Jonar Nader: Right. Well, I don’t say go out and do that unless you actually understand some basic things. But first is you need to understand yourself, what value do you add? There’s no point just going out to your boss and just speaking your mind. You have to say, “I have a better idea; let me show you.” Second, the thing is you need to understand your environment, your networked world. So, the benefits, then, will be that your boss will love you for it because your boss is really after success, they want someone who has some sense of conviction, and they want someone to lead. Bosses are desperate to find someone who’s actually sure of what they’re doing. And in the absence of strong leaders, bosses tend to rule. I mean, people say to me, “Jonar, you’re a control freak.” I say, “No, I’m only a control freak when I don’t know who’s in control.” But if you’re in control and you know what you’re doing, you can be in control. And so, I think bosses would appreciate some honesty, some stability, some truth, but don’t open your mouth unless you know what you’re saying. Therefore, train yourself, develop yourself. Yeah.

Lisa Weir: You also bring up another interesting way of handling a company where you suggest that you take the salary pools of everyone, divide it by the number of employees and give everybody the same pay. Why don’t you describe that and how it – how it would work…

Jonar Nader: Sure.

Lisa Weir: … and how it has worked in actual company.

Jonar Nader: Yes – well – that – I saw it in a company once where the lights for the warehouse and the air conditioning for the warehouse cost $100 an hour to run. And over the weekend when no one was there, they were still running. And I just say to people, “Why are we wasting all this money?” $100 an hour is a lot of money. If you’re trying to make it in net profit after tax no one cared. Why didn’t I care? How hard is it to flick a switch? Well, when I said to everyone, “Look, this is costing us $15, 000 a month of wastage. If you can bring it down, I’m going to share whatever you bring it down to in half. So, if we can save $10, 000, $5,000 will go to you, and same with paper, same with electricity—anything else.” So, now, we share together, we win together. Same with profits; I said, “Look, we can all earn the same salary because now we’re all as one group. If we make a profit, we all share the profits together. Now, you don’t have a “Them and Us” situation. People cared. They know that if I damage this item, it’s going to come out. You have a sense of ownership because there’s a lot of jealousy; they see the boss driving a fancy car, $30 million salary. And they go, “Oh, well. I’ll let them worry about it.” Meanwhile, the people who are losing customers are the people earning $20, 000 and $15, 000 a year. So, why are we rewarding bosses in millions when the real action is happening at the floor? Let’s have some equity into it. Not so that, you know, I’m not saying reward people because, you know, I just want to give people money, but I’m saying, “If you want to be successful, watch out who’s ruining your customer base.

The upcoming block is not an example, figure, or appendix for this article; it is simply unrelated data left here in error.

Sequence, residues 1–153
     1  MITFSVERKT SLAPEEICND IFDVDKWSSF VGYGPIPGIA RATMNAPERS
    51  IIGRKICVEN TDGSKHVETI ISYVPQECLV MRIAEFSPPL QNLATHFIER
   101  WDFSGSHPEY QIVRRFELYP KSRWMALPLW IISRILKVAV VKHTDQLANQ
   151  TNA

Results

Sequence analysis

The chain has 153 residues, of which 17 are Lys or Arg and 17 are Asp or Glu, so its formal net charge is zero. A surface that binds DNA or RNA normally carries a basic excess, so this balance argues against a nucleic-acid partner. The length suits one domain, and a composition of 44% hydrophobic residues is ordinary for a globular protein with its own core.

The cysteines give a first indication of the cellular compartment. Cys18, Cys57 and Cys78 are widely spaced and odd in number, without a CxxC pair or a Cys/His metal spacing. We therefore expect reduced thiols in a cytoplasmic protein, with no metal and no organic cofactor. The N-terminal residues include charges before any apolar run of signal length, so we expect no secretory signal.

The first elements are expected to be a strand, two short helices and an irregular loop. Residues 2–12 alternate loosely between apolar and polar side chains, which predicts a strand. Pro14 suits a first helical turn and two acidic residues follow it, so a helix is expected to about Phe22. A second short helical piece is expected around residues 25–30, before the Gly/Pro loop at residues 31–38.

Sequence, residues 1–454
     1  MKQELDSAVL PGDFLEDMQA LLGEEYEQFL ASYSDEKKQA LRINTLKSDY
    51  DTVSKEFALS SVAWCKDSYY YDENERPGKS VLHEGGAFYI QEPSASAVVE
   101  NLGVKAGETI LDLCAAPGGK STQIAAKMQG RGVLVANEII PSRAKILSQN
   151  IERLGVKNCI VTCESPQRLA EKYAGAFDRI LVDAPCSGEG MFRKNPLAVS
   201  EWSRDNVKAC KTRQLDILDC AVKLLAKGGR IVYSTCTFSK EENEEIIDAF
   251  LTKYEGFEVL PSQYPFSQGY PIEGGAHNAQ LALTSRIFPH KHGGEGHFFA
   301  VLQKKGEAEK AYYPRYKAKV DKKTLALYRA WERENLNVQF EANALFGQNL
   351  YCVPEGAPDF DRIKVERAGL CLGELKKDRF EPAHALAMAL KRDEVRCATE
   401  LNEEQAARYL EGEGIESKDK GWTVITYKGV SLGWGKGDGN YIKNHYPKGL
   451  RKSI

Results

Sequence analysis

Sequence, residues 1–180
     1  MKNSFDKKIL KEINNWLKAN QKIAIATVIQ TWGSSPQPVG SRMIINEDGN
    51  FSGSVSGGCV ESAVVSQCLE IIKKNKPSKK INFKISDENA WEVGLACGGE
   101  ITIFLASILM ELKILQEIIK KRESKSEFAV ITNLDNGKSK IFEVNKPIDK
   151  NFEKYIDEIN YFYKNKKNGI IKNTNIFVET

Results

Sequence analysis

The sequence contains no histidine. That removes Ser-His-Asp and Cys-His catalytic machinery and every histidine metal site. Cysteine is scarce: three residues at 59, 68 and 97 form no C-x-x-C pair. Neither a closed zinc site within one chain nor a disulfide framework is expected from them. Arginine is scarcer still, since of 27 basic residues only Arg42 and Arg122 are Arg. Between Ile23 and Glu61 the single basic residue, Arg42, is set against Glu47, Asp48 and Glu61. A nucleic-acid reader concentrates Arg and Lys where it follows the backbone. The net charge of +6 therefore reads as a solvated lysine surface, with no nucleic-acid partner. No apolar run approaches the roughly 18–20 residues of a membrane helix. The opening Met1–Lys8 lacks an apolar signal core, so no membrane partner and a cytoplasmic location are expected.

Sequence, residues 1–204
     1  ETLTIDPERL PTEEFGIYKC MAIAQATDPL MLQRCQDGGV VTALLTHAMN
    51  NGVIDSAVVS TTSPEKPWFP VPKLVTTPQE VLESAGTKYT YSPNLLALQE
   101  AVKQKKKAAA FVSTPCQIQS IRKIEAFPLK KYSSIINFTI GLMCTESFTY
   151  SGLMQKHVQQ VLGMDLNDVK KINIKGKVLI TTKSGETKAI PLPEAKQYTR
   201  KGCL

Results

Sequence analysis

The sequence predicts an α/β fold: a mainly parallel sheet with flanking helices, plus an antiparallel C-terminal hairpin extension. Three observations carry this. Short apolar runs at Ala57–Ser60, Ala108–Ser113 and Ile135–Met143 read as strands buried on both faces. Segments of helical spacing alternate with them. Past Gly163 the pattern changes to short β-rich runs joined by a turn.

Lisa Weir: You’re from Australia, do you think that the culture in terms of the corporate world is different that would allow people to think this way more because I’m having a hard time thinking that, you know, big companies are going to be able to make changes in the corporate culture?

Jonar Nader: That’s right. That’s why I sometimes say the only way out is out and I’m good in predicting huge failures in corporate life. The Australian organizations are no different too.

Lisa Weir: They are no different, okay.

Jonar Nader: No.

Lisa Weir: Okay.

Jonar Nader: Absolutely.

Lisa Weir: Okay.

Jonar Nader: You know.

Lisa Weir: Well…

Jonar Nader: I call it, you know, American culture right there in Australia.

Lisa Weir: Oh, okay. Well, thanks for being our guest today.

Jonar Nader: Thanks Lisa.

Lisa Weir: And good luck. And I hope you don’t lose too many friends.

Jonar Nader: No. Actually, I’m doing well.

Lisa Weir: That’s it for today. Thanks for joining us on Making a Difference. And we’ll see you next week. I’m Lisa Weir